What Is a Chargeback?

A chargeback is a charge that is returned to a payment card after a customer successfully disputes an item on their account transactions report.

Chargebacks Explained

A chargeback may occur on bank accounts or credit cards. They can be granted to a cardholder for a variety of reasons. A chargeback can be considered a refund since it returns specified funds taken from an account through a prior purchase. It differs from a voided charge which is never fully authorized for settlement. Chargebacks are focused on charges that have been fully processed and settled. Chargebacks can often take several days for full settlement as they must be reversed through an electronic process involving multiple entities.

In the U.S. chargeback reversals for debit cards are governed by Regulation E of the Electronic Fund Transfer Act. Chargeback reversal for credit cards are governed by Regulation Z of the Truth in Lending Act.

Disputed Charges

Charges can be disputed for many reasons. A cardholder may choose to return an item, they may have been charged by a merchant for items they never received, a merchant could have duplicated a charge by mistake, a technical issue may have caused a mistaken charge or a cardholder’s card information may have been compromised. Disputing a potential chargeback can be challenging for a cardholder as it requires time to dispute the charge with a customer service representative and may also require a receipt or proof of transaction.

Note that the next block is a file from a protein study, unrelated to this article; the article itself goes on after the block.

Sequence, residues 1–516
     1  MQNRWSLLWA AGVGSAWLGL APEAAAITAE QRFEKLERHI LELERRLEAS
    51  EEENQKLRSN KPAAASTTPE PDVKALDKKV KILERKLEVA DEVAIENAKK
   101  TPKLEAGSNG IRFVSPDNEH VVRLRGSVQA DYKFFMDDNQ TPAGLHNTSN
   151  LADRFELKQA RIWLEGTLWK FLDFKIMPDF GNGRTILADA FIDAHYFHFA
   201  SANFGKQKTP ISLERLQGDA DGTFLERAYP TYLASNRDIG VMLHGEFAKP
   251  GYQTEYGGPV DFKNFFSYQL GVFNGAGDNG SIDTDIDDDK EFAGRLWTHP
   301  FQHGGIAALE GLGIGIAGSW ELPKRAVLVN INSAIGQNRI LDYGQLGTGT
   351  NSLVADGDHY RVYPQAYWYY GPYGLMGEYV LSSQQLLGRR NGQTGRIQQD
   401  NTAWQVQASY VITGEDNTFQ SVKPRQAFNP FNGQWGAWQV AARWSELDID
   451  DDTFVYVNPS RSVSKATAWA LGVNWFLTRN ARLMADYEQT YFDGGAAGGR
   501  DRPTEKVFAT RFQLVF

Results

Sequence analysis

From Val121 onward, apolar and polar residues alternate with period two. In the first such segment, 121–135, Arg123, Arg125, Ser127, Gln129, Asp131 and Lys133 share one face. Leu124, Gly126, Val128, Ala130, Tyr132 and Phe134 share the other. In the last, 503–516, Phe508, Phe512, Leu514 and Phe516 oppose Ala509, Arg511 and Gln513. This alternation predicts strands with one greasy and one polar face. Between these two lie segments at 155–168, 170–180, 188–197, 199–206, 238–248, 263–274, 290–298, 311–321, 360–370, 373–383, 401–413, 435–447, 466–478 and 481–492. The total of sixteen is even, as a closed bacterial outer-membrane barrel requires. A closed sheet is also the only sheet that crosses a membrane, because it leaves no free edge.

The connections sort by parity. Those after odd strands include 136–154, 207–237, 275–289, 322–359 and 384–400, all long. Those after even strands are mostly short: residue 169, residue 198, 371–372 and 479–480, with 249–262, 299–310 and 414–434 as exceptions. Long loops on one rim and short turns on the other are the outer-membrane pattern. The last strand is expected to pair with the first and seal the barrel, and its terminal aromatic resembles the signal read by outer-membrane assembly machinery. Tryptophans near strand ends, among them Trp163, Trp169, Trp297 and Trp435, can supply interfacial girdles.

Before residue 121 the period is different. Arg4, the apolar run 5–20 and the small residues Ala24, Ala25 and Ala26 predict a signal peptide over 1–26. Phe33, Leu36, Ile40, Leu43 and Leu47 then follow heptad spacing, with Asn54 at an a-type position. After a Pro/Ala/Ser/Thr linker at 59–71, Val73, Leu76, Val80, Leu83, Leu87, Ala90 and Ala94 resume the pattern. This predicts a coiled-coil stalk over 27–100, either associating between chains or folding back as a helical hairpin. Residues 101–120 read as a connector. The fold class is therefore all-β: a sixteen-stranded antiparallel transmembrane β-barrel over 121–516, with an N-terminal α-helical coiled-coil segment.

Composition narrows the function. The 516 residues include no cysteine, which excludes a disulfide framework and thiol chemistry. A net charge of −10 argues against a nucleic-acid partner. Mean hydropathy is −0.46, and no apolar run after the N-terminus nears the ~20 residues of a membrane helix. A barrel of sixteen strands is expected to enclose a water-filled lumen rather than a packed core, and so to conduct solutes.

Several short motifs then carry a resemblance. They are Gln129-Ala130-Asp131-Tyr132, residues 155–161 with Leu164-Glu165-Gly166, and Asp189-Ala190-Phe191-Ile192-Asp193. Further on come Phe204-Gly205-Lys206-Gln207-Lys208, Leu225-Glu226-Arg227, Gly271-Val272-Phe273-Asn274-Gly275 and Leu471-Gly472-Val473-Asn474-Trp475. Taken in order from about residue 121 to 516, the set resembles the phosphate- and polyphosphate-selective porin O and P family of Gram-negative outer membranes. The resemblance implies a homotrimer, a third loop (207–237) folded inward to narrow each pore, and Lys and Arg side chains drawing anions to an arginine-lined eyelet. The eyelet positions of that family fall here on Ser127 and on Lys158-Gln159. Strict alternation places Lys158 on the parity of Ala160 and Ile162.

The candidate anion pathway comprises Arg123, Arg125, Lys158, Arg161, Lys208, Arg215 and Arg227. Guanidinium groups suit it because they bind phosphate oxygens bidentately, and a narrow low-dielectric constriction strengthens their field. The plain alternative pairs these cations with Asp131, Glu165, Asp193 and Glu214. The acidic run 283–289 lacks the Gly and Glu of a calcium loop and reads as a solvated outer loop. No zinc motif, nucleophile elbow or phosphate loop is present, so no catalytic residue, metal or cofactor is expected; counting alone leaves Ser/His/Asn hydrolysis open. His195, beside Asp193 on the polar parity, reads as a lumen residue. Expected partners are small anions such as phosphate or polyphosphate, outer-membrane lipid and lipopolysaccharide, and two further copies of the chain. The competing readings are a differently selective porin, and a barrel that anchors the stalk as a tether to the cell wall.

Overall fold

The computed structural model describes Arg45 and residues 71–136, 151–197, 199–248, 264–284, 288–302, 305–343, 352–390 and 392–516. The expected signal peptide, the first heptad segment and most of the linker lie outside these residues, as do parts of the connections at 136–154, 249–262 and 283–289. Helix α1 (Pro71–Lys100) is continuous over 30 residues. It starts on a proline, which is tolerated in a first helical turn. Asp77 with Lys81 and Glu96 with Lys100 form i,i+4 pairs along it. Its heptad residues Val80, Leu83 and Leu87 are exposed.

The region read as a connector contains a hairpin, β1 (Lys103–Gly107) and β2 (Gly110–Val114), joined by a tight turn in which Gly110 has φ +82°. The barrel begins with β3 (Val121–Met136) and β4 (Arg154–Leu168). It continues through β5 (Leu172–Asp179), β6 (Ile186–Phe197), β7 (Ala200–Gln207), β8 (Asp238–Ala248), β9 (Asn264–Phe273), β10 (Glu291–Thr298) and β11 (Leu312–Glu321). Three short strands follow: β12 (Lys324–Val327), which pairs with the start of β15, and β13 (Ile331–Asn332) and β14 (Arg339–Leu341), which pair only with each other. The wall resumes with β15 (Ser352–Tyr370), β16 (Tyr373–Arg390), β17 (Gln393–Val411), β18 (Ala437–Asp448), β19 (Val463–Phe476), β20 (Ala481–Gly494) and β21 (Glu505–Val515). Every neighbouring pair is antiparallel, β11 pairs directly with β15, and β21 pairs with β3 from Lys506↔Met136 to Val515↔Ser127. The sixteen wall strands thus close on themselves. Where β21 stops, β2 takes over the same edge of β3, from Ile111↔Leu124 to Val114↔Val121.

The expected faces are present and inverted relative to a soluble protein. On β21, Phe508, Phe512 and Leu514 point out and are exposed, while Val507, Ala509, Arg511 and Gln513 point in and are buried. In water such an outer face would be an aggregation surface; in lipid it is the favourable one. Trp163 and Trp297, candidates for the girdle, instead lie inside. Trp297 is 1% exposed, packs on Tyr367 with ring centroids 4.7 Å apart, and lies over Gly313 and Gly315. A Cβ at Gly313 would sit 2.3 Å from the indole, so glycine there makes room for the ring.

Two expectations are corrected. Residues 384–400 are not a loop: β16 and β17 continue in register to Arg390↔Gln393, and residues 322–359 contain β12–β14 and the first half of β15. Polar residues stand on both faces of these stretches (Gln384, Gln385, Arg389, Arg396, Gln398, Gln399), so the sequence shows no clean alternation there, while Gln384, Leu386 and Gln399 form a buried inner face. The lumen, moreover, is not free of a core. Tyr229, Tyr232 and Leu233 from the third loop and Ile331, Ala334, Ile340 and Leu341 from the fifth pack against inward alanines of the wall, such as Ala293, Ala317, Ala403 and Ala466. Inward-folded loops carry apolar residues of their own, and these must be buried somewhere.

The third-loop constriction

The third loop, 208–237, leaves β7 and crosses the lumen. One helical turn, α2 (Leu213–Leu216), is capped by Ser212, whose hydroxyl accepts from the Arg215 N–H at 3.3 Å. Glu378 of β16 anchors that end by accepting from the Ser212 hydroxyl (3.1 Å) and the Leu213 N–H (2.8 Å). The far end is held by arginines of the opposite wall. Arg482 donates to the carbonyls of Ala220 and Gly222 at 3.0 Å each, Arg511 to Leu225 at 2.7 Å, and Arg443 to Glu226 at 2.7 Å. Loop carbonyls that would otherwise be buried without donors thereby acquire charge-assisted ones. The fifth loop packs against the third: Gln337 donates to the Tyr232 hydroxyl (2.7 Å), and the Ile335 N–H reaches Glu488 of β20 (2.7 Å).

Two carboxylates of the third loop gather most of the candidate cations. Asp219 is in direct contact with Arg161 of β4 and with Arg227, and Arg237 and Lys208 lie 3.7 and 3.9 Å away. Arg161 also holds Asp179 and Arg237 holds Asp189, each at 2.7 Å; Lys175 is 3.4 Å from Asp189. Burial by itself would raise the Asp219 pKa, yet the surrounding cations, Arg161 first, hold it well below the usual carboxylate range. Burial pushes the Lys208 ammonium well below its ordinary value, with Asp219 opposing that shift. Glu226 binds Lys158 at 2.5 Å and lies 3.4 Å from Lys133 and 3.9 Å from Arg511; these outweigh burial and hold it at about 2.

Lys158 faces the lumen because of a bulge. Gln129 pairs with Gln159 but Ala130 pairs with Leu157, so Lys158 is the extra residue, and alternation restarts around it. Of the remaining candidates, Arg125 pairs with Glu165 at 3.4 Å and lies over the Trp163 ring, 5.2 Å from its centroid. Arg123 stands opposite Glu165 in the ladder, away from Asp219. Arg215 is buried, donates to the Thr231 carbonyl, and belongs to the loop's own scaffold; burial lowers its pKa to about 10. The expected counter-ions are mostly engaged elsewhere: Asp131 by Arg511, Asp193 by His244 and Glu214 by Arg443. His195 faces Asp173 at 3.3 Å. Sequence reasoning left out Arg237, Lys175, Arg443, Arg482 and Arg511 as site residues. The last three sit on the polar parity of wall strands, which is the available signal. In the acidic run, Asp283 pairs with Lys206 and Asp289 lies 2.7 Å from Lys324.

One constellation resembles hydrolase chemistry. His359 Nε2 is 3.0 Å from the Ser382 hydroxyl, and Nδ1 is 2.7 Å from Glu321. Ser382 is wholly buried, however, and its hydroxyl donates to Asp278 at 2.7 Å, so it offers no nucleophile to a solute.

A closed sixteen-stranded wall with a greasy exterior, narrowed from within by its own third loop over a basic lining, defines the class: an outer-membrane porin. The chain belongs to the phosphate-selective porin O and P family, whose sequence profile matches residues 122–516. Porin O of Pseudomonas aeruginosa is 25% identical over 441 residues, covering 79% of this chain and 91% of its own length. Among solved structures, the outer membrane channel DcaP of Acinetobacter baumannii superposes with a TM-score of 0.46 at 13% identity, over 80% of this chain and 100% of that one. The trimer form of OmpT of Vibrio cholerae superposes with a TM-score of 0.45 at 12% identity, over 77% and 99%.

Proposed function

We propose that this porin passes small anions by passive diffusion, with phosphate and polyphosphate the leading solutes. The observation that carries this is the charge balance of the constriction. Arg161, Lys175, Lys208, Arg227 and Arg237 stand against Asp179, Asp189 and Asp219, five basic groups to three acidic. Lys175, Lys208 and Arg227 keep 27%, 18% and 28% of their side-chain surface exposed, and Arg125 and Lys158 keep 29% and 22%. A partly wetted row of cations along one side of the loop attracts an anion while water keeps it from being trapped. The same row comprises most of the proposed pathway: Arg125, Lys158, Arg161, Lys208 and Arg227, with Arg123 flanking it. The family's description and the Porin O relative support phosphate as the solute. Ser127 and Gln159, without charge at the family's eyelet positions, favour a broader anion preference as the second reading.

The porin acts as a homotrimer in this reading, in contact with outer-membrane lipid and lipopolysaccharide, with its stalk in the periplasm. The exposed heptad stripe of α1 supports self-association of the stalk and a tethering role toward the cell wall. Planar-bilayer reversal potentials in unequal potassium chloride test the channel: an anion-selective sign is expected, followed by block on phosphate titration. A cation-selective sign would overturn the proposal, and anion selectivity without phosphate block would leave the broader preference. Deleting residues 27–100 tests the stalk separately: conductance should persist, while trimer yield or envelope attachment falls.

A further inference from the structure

The most common chargebacks occur when a cardholder chooses to return an item. If it is within the merchant’s allowable timeframe the merchant can initiate a chargeback as a refund. Other chargebacks may be more complicated. In the case of a fraudulent charge, banks are usually highly supportive in researching and issuing chargebacks in a situation where a card number has been compromised.

Chargeback Processing

Chargebacks can be initiated by either the merchant or the cardholder’s issuing bank. If initiated with a merchant the process is similar to a standard transaction however the funds are taken from a merchant’s account and deposited with the cardholder’s issuing bank.

For example, a chargeback initiated by a merchant would begin with a request sent to the merchant’s acquiring bank from the merchant. The acquiring bank would then contact the card’s processing network to send payment from the merchant’s account at the merchant bank to the cardholder’s account at the issuing bank.

If a chargeback is initiated by the issuing bank then the issuing bank facilitates the chargeback through communication on their processing network. The merchant bank then receives the signal and authorizes the funds' transfer with the confirmation of the merchant. In some cases, such as with fraudulent charges, the issuing bank may grant the cardholder with a chargeback while also sending the claim to a collection department. In this case, a bank takes on the liability and expenses the chargeback through reserve funds while researching and resolving the claim.

Merchant acquiring banks will generally charge a fee to merchants for chargeback transactions. These fees are detailed in a merchant account agreement. Fees are typically charged per transaction to cover the costs by the processing network. Additional penalties for chargebacks may also apply.